Saturday, November 28, 2009

Takenaka, Kyoto (竹中)

There's nothing like 8 courses of kaiseki to pep you up from walking around looking at red leaves and tide you over until dinner. I mean, I already felt pretty peppy from walking around this neighborhood (for reference, this is the bit on the mid-east side of Kyoto, north of Kiyomizudera and south of Yasaka jinja - ninenzaka, sannenzaka, etc). Cobbled alleys and surprise views of pagodas always make me happy. You?

There were a lot of places to eat, especially near the Yasaka end of the area, where I started (for example, the famous Kikunoi is there - I stumbled across it but didn't think they'd be that welcoming of unreserved guests). I held out until I saw this place, which said nothing but "We don't always have food, but when we do it's good" in 4 languages, and 'Y5000' in Japanese only.


Inside had a funny dark and damp feel despite being warm and dry, and the waitress told me that lunch was 7 courses. There are some private rooms and then this small counter, which was fairly peopled when I got there.


Fried tofu  starter. This was terrific on accounta the stock. I love it when a place makes good stock.


These hooks were hanging from the ceiling above the kitchen side of the counter. I'd like to think they were originally for whale fishing.


Sometimes I think that Kyoto food is about disguising ordinary ingredients to seem more interesting, or else using extraordinary ingredients in a way that renders them disinteresting. This is raw squid, minced in strips, then carefully formed into a cylinder. Into that, as you can see, goes the yolk of a quail egg. These are very ordinary ingredients (seriously - if you're reading in America, you wouldn't believe how easy it is to get quail eggs in Japan), but put together this way you get to call it "Bird's nest style".


This is a pleasant but difficult boiled course. Pleasant because it tasted good and the ingredients are very healthy - the gray thing is fu (wheat gluten) with black beans, then going clockwise there's dried, re-hydrated tofu skin, spinach, fried tofu, and a piece of fish. The chef criticized my eating style here - after a few bites he told me it's a special Kyoto fish, it's too hard to debone (the spine and main bones were all there in a layer; he had taken off only one filet), and you should eat it by picking up, biting softly, then pulling so the bones stay in one piece and come out of your mouth. At least I think that's what he said. The skin was tough and the bones were many, but years in Japan have innured me to these travails, and I ate the whole thing. Around this time an elderly waitress popped up, seemingly just to say "Wow, you really use chopsticks well!" and then disappear.


Finally, good sawara. Sawara is usually overdone to my tastes, even in very nice restaurants. I think it's stylistic. This was still a touch clear in the middle. The brown nubs on the maple leaf are pickled mountain peaches, to be eaten at the end to clear your palette.


Again, we add excitement to otherwise perfectly normal dishes by serving them covered and saying it's "Umbrella style" (I'm not making this up).


Helloooooo baby. Can't remember what the fish was. I believe it was shrimp potato, since I was in Kyoto and it's evidently the season where that gets included in every meal! Boiled in sweet soy sauce, delicious.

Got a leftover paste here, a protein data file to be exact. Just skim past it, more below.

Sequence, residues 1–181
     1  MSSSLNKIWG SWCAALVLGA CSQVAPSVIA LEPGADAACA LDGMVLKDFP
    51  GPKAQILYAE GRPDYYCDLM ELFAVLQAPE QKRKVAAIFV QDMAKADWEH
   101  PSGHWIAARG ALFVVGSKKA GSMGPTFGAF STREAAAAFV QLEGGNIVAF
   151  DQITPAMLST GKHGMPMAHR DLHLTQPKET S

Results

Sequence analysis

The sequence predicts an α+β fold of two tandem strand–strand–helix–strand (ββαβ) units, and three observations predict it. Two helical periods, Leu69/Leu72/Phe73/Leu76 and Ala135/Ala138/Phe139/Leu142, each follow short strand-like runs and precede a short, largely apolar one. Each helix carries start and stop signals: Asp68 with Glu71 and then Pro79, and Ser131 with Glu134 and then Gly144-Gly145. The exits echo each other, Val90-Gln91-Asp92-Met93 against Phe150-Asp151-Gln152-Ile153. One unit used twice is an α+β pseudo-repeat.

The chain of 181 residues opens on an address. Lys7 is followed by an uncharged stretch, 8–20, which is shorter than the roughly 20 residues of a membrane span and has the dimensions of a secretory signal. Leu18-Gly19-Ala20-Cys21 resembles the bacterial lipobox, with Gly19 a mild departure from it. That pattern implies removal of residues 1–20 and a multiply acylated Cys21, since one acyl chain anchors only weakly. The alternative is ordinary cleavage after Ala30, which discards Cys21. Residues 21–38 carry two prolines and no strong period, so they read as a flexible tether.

Arrrrr. I don't know why, but this crock, which was cooked as it is on the grill and then adorned with a leaf, made me think of buried treasure on a tropic isle. Avast!


So inside was minced fish and julienne daikon, cooked together and then 'sealed' with egg and topped with prickly ash. Or so I thought. The chef was a little offended - the 'minced fish' was actually hamo, a special type of eel that's famous in Kyoto and hard to serve (you need a special knife to cut the abundant bones, and some practice too) and thus a luxury ingredient. The daikon was actually udo, an odd root vegetable (you would know it best from 'udo sumiso', which you would have experienced as thin rectangles of crunchy raw root vegetable, with a yellow sweet-and-sour sauce, in the Spring). And it was actually Kyoto udo, which is far superior because of its pure white color and lack of 'scum' that needs to be removed by soaking. But y'know, it tasted pretty normal considering how fancy the ingredients were. I didn't ask where the eggs came from.


Lots of seasonal leaves. And a fish tank. Really a funny little room; food that's intended to be grand, delivered in a tiny, dusky, humble setting.


Again I made the ingredient mistake. These grapes look just like the famous late-summer specialty from Yamanashi, kyoho. I asked where he sourced kyoho in late November. I was corrected. These are NOT kyoho. They are another type of grape that comes from farther south, and, being very good, are naturally not distributed to Tokyo.  Similarly, these are not just black beans. They're called 'grape beans' and did have a lovely grapey taste - but I'm not sure if that was because of their DNA or because they were cooked in grape juice (possible). Either way, what a great finish to the lunch - so simple, so humble...I'm just kidding. You know I always say that when I get fruit for dessert. I had to go out and get some ice cream.


I was happy with lunch here, but unless dinner was a big step up in quality, I'd be pretty bummed about tripling the price.

Any kaiseki just outside a temple has to be OK, no?
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